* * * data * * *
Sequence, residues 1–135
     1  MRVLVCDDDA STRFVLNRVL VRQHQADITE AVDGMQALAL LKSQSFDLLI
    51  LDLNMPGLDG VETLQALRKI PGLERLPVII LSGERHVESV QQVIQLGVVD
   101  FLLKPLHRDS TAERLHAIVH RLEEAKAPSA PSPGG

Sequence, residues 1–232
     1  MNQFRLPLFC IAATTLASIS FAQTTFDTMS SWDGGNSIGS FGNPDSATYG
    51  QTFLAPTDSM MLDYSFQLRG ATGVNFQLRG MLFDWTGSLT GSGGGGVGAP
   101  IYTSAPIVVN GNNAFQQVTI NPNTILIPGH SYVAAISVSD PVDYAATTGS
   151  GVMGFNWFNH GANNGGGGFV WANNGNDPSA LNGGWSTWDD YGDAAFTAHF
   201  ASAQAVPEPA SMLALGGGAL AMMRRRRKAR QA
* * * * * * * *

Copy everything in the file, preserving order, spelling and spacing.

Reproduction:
Sequence, residues 1–135
     1  MRVLVCDDDA STRFVLNRVL VRQHQADITE AVDGMQALAL LKSQSFDLLI
    51  LDLNMPGLDG VETLQALRKI PGLERLPVII LSGERHVESV QQVIQLGVVD
   101  FLLKPLHRDS TAERLHAIVH RLEEAKAPSA PSPGG

Sequence, residues 1–232
     1  MNQFRLPLFC IAATTLASIS FAQTTFDTMS SWDGGNSIGS FGNPDSATYG
    51  QTFLAPTDSM MLDYSFQLRG ATGVNFQLRG MLFDWTGSLT GSGGGGVGAP
   101  IYTSAPIVVN GNNAFQQVTI NPNTILIPGH SYVAAISVSD PVDYAATTGS
   151  GVMGFNWFNH GANNGGGGFV WANNGNDPSA LNGGWSTWDD YGDAAFTAHF
   201  ASAQAVPEPA SMLALGGGAL AMMRRRRKAR QA